I’ve been reading The Halo Effect: … and the Eight Other Business Delusions That Deceive Managers by Phil Rosenzweig. It’s all about how businesses create stories to explain success and failure instead of looking at hard data and analyzing what really happened. For example, when Cisco was riding high, its employees were happy, its CEO had a brilliant sense of making acquisitions, etc. When Cisco’s fortunes flopped, suddenly those same employees had been miserable and the CEO had been making acquisitions foolishly.
And did you ever wonder how the newscasters on Bloomberg know precisely why some index is up today, before they’ve had time to study it, or poll people buying stocks, or something? The answer, of course, is they have no idea: they’re just picking a plausible explanation and hoping you’ll buy it.
This is what film has been doing for the past thirty years. In a recent article, If audiences don’t want women as leads, why did Aliens succeed?, I pointed out some of the serious questions that somebody ought to be asking before proclaiming that mainstream movies with female leads don’t do so well, except when they do, which doesn’t count – and doesn’t raise any questions. That’s a story, not an analysis of actual data with sound conclusions.
You can certainly look at numbers and see that most of the best-performing movies feature male leads, and lots of movies featuring female leads perform poorly. Then again, lots of movies featuring male leads also flop. And, as William Goldman explained, lots of movies featuring women exceed industry expectations, but instead of investigating them to see why they did well and how their success can be replicated, they get dismissed as non-recurring phenomenon. Wow. With jargon like that, it almost sounds scientific.
It’s not. When a movie featuring a white man flops, the industry at least concocts a story to explain it, and sometimes there may even be genuine analysis involved: perhaps it was marketed badly, or it was released at the wrong time or the film itself was bad. Rarely do you ever hear, “I guess no one likes [insert male lead’s name] anymore.” Never, ever do you hear, “The audience just doesn’t want to see movies about white guys.”
But when it’s a movie about a woman (or a man of color), that’s all the story we get: it had a woman, or a man of color, so it flopped. This, by the way, is what belies the industry’s claims that it’s the audience’s bigotry, not the industry’s, forcing women (and others) out of lead positions in films. If the industry was so bigotry-free, they’d be asking the same questions about female-led flops as they ask about male-led ones. They’d be investigating to see if there’s a way to turn it around to their advantage.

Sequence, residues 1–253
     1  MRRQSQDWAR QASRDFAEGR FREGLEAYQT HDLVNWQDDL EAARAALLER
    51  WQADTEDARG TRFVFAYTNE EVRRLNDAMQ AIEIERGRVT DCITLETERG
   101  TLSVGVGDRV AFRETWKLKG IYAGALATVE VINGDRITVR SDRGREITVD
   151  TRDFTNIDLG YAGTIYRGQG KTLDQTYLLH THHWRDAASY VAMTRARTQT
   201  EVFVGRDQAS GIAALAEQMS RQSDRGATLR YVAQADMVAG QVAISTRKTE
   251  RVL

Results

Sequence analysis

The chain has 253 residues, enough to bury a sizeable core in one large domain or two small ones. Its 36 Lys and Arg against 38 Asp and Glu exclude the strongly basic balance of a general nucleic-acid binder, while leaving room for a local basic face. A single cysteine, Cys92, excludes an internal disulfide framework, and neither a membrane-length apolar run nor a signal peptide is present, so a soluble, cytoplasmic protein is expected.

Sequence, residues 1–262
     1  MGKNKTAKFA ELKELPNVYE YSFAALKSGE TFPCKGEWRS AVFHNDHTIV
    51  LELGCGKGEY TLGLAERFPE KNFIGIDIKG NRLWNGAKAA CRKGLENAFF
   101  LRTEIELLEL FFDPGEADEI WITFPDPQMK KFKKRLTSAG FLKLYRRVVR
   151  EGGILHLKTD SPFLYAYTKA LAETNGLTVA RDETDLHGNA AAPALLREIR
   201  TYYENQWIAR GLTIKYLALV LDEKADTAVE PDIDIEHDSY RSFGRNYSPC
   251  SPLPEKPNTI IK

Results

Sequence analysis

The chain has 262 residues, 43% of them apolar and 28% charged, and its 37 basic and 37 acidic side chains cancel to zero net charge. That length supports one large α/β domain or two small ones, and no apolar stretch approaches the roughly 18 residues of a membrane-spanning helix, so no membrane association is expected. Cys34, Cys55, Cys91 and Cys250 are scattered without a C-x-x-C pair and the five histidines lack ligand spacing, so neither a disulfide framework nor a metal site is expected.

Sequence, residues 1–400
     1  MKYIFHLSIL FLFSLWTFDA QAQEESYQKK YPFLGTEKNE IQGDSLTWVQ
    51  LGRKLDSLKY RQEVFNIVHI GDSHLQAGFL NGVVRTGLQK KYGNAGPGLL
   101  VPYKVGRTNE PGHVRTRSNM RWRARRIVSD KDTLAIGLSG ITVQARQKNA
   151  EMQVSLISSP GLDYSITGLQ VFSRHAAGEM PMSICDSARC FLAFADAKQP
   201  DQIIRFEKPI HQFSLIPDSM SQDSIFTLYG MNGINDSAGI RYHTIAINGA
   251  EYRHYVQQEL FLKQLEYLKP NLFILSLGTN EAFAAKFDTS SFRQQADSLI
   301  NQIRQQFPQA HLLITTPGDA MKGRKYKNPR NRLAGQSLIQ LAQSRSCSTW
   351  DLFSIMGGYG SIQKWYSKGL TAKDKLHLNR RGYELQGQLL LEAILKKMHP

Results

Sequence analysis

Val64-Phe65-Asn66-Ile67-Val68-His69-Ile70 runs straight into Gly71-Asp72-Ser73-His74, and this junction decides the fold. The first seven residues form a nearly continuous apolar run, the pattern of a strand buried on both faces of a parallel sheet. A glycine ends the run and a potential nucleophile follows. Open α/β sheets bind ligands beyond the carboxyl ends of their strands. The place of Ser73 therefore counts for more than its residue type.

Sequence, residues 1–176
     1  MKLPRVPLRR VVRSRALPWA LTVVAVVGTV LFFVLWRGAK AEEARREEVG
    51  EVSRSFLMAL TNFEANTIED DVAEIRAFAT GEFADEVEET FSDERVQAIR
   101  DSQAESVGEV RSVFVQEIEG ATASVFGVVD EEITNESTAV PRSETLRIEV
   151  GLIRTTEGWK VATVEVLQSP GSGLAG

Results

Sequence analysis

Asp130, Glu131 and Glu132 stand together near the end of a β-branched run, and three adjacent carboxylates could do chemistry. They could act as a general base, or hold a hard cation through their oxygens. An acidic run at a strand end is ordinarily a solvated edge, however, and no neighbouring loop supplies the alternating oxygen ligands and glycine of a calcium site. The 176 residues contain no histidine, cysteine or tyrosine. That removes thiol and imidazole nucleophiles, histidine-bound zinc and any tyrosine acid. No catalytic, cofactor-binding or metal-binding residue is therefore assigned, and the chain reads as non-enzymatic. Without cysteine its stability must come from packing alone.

So before you keep accepting this alleged bit of “numbers don’t lie” logic, consider this. Here’s a list of questions the industry would be able to answer (or at least show us their work so far) if they had ever scientifically examined the claim that merely casting a woman in a non-“chick flick” film causes it to flop:
- Who precisely isn’t watching these movies?
- Why don’t they want to see them?
- What, if anything, would persuade them to see them?
- Are they influencing others not to see them?
- Could there be other factors influencing the film’s success, such as bad marketing or the film sucking or, you know, any of those things they examine when a male star’s latest film flops?
- ETA: what did the movie earn per theater, or per seat (ticket sold)? These are granular metrics the industry considers when trying to figure out why a film did unexpectedly well or poorly. Sometimes these numbers indicate stuff like whether the movie would have profited more with a wider or narrower release (how many theaters played it).
You can probably come up with others; stick them in the comments, and I’ll edit the post. These are precisely the kinds of questions the industry bothers to ask when films starring white males flop. And whenever I asked these questions of film pros claiming films featuring women just can’t perform, they had clearly never considered them before. Must be sexism, they’d admit with appropriate sadness in their tone. I’d point out that I grew up in a very sexist place and time, yet all the hardcore misogynist guys saw Aliens. “Must’ve been for the special effects,” they’d suggest. I’d point out that there was no shortage of SFX bonanzas in the 80s for misogynists to watch instead. They’d suddenly have someplace else to be.
An extremely important part of data analysis and science in general is: asking the right questions. Without that foundation, the best data in the world won’t inform you of anything meaningful. Sometimes the questions a researcher poses (or lack thereof) reveals a bias on his or her part. Biases make numbers “lie” through the humans that interpret them. The desire to make the numbers tell a particular story is the worst kind of bias an analyst can have.